Researchers posit that an individual’s personality may be based upon how their brain is wired.
Studies by University of Bonn scientists suggest the neural connection between areas of the brain is particularly well-developed among innovative people.
The reward system which urges us to take action is located in the brain region called the striatum, whereas the hippocampus is responsible for specific memory functions.
Scientists Michael X. Cohen and Dr. Bernd Weber believe if the hippocampus identifies an experience as new, it then sends the corresponding feedback to the striatum.
There certain neurotransmitters are then released which lead to positive feelings. With people who constantly seek new experiences, striatum and hippocampus are evidently wired particularly well.
Up to now, it has been extremely difficult to make the individual wiring of the brain visible.
“In principle this was only possible using cross sections of the brain of deceased people, which in addition had to be stained in a complex process,” Dr. Weber explains.
Thanks to a new method this process is now a lot easier. With modern MRI scanning techniques, researchers can actually determine in which directions the water in the tissue diffuses. Nerve fibers are an impenetrable obstacle for tissue fluid. It can only flow along them. These ‘directional’ streams of water are visible in the tomography image.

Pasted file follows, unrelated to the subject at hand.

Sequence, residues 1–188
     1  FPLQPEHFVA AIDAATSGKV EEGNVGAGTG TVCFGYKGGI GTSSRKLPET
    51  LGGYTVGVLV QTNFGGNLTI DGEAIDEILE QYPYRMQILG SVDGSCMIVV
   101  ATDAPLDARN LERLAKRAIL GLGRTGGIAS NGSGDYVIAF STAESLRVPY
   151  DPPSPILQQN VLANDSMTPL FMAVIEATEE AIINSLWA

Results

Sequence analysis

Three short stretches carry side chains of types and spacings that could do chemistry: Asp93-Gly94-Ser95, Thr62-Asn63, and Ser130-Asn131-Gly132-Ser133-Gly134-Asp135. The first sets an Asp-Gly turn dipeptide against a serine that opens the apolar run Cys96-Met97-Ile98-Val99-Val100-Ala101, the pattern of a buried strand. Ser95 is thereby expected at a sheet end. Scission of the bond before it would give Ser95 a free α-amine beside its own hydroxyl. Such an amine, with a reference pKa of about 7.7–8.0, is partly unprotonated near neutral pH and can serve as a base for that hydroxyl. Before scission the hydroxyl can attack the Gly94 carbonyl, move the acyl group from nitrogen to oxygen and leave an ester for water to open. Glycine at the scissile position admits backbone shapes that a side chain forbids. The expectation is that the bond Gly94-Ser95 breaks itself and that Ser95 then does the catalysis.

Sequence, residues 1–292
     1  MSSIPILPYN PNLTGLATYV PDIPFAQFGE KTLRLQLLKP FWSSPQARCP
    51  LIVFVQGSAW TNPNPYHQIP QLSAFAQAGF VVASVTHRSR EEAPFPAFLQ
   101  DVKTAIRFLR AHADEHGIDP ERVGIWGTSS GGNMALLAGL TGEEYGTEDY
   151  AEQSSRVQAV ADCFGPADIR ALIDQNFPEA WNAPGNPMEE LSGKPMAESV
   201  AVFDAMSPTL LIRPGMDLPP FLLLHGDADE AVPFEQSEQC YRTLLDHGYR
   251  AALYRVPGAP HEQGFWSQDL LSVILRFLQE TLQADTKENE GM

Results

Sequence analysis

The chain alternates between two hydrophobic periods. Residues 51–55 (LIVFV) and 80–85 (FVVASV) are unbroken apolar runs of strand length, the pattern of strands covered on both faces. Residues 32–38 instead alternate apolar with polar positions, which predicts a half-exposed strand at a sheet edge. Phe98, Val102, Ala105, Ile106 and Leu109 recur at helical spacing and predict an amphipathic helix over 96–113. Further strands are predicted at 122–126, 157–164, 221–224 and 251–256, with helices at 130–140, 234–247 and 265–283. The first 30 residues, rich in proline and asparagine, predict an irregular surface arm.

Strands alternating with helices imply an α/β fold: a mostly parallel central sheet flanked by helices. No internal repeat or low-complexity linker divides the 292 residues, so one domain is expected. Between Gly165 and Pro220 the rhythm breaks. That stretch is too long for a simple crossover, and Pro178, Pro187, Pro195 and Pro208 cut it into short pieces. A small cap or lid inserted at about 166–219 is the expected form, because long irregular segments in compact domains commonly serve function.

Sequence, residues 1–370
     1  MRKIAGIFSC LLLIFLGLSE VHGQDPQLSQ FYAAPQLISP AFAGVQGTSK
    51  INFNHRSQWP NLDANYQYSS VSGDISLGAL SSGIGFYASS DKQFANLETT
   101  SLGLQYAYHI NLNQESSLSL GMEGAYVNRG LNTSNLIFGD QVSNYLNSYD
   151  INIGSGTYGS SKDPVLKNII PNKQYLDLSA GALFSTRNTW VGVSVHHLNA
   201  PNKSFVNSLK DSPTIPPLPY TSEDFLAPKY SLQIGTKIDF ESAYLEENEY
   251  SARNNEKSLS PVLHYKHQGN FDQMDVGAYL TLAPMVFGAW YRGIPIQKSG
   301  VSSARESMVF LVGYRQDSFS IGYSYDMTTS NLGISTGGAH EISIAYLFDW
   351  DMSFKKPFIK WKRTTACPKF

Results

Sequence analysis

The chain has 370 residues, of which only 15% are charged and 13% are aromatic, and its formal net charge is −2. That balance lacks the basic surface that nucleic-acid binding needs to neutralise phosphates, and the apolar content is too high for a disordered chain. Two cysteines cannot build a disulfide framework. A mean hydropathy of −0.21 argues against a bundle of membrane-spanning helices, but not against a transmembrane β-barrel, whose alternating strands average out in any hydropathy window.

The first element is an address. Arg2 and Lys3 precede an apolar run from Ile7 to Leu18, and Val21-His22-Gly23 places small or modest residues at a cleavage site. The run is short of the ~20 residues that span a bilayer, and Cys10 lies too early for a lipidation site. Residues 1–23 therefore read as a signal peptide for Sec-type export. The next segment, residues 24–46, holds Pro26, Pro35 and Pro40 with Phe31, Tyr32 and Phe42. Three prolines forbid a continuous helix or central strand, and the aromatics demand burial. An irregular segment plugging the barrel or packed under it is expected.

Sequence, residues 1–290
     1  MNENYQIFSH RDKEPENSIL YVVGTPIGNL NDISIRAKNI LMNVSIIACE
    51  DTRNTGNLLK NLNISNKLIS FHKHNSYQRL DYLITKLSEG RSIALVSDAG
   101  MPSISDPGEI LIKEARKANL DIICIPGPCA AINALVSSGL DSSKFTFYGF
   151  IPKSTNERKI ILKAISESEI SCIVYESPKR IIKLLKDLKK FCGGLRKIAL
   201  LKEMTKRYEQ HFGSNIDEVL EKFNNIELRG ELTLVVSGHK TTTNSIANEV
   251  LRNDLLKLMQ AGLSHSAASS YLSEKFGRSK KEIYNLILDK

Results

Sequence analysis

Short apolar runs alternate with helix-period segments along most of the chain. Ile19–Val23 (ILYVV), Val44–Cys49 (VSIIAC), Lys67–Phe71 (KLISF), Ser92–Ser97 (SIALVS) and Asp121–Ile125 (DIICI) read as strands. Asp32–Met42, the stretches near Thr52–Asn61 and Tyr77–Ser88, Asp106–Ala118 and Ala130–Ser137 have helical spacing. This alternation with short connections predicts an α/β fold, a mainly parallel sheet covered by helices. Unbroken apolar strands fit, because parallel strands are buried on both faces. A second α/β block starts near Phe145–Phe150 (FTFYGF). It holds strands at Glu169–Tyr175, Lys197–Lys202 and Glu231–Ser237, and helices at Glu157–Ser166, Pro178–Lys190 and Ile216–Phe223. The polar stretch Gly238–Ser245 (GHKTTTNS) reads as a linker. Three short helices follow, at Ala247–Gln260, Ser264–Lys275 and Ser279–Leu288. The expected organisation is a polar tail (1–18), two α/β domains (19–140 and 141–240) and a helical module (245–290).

“With this hazard-free method we can work on completely new issues related to the function of the brain,” Cohen notes.
In the current study the Bonn scientists focused on the ‘wiring’ of the striatum. Moreover, the test candidates had to choose descriptions that characterised their personality best from a questionnaire, e.g. ‘I like to try out new things just for fun or because it’s a challenge’ or alternatively ‘I prefer to stay at home rather than travelling or investigating new things.’
By contrast, descriptions such as ‘I want to please other people as much as possible’ or ‘I don’t care whether other people like me or the way I do things’, were about social accept-ance. Here too the researchers noticed a link.
‘The stronger the connection between frontal lobe and ventral striatum, the more distinctive the desire for recognition by that person’s environment,’ Weber says. That is not quite unexpected. For example, it is known that people with defects of the frontal lobe violate social norms more frequently.
The Bonn scientists wish to confirm their results even more. In experiments they would like to investigate whether people actually behave differently depending on the ‘wiring’ of their brain.
Source: University of Bonn